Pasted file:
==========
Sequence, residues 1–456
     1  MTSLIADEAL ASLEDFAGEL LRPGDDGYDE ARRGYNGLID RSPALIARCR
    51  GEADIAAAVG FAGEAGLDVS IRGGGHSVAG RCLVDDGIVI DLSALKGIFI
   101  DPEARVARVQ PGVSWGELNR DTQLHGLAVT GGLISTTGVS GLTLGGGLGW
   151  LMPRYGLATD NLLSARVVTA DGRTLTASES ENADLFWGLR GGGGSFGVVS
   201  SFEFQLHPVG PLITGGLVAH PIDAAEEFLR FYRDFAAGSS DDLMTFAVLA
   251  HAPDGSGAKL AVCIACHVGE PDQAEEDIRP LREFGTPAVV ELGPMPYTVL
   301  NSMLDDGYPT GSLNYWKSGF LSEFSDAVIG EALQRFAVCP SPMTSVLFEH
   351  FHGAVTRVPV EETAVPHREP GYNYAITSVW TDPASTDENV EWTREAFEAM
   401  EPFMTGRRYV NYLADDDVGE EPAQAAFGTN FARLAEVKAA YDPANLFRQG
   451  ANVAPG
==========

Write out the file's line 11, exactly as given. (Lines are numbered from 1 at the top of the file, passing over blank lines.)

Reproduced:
   451  ANVAPG